ND 632R; (5′- ATT GCA GAT GGG ATA CCG-3′)




                              West Nile


                              WN1315F; (5′-GCC AA TTT GCC TGC TCT AC-3′)




                              WN1824R; (5′-CCA TCT TCA CTC TAC ACT TC-3′)





                              E1 envelope glycoprotein

                              Bab 3368 F; (5′- CAG CAG ATT GCG CGA CTG ACC-3′)




                              Bab 4203R; (5′- GCT CAC GAT ATG GTC AGC AGG-3′)





                              Polyprotein M segment

                              BATAIM3F; (5′-CCTGGGGAAGCATTGTGATTACT-3′)




                              BATAIM3R; (5′-CTAGCCAGCGACTCTTGCCTTCC-3′)





                              Non Structural Protein

                              SINV1; (5′-TTTAGCGGATCGGACAATTC-3′)




                              SINV2; (5′-GCGGTGACGAACTCAGTAG-3′)





                              Glycoprotein M gene

                              RVF1;(5′-GAC TAC CAG TCA GCT CAT TAC C-3′)




                              RVF2;(5′-TGT GAA CAA TAG GCA TTG G-3′)






                              CHIK3F; (5′-CACACGTAGCCTACCAGTTTC-3′)




                              CHIK3R; (5′-GCTGTCAGCGTCTATGTCCAC-3′)


                              ONN3F; (5′-GATACACACACGCAGCTTACG-3′)



                              ONN3R; (5′-TACATACACTGAATCCATGATGGG-3′)



                              Yellow Fever


                              CAG; (5′- CGA GTT GCT AGG CAA TAA ACA CAT TTG GA-3)




                              YF7; (5′- AAT GCT CCC TTT CCC AAA TA- 3′)



                              DNA sequencing and phylogenetic analysis

                              A Positive control cDNA and a no template negative control were included during the setting up of all PCR reactions. Electrophoresis of the amplified DNA products was done on a 1- 2% Agarose gel in Tris-borate EDTA buffer stained with ethidium bromide. The PCR product bands were visualized by a UV transilluminator and recorded using a gel photo imaging system.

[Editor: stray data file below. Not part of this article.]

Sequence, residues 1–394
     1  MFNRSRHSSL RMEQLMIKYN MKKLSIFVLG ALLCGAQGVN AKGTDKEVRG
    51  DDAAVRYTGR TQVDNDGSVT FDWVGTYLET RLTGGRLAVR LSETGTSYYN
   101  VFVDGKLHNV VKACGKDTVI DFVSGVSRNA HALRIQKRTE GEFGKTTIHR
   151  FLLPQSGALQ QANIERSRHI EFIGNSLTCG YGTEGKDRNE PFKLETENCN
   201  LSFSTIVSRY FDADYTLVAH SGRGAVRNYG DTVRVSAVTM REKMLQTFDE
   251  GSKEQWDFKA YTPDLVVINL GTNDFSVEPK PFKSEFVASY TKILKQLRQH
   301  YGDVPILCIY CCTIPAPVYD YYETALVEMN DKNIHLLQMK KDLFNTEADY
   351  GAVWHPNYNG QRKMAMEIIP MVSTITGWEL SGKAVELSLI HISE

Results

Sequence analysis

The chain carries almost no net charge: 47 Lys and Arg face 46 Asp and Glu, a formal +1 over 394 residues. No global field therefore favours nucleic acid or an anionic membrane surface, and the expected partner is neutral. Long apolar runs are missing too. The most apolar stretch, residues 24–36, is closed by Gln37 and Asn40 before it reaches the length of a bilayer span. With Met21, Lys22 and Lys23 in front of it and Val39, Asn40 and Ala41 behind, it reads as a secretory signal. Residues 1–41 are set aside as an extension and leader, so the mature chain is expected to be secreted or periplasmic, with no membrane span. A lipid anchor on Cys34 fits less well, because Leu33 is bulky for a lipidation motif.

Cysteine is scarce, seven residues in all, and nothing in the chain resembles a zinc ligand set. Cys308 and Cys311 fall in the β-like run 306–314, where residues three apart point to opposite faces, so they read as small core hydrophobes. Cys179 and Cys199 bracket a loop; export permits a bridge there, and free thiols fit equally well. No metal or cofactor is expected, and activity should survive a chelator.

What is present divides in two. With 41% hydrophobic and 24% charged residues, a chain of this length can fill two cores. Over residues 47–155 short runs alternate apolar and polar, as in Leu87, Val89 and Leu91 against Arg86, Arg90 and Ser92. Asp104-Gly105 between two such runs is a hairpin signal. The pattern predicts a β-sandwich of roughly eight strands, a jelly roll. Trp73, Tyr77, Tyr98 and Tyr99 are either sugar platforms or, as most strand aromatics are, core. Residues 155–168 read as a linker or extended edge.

Amplified target DNA bands were either purified directly from the PCR reaction or from the gel using Wizard® SV Gel and PCR Clean-Up System kit (Promega). Sequencing was outsourced and performed using ABI-PRISM 3130 Genetic Analyzer (Applied Biosystems, Foster City, CA). The sequences were compared with available sequences using Basic Local Alignment Search Tool [37] and the GenBank database [38] to confirm the identity of the virus isolate. The sequences were aligned using clustalW and Molecular Evolutionary Genetics Analysis (MEGA) software version 5.05 was used for phylogenetic analysis [39] of the nucleotide sequences of the Alphaviruses, Orthobunyaviruses and Flaviviruses in addition to a few selected reference sequences from the genbank database. Bootstrap resampling to determine confidence values on the groupings within trees was performed with one thousand replicates [40].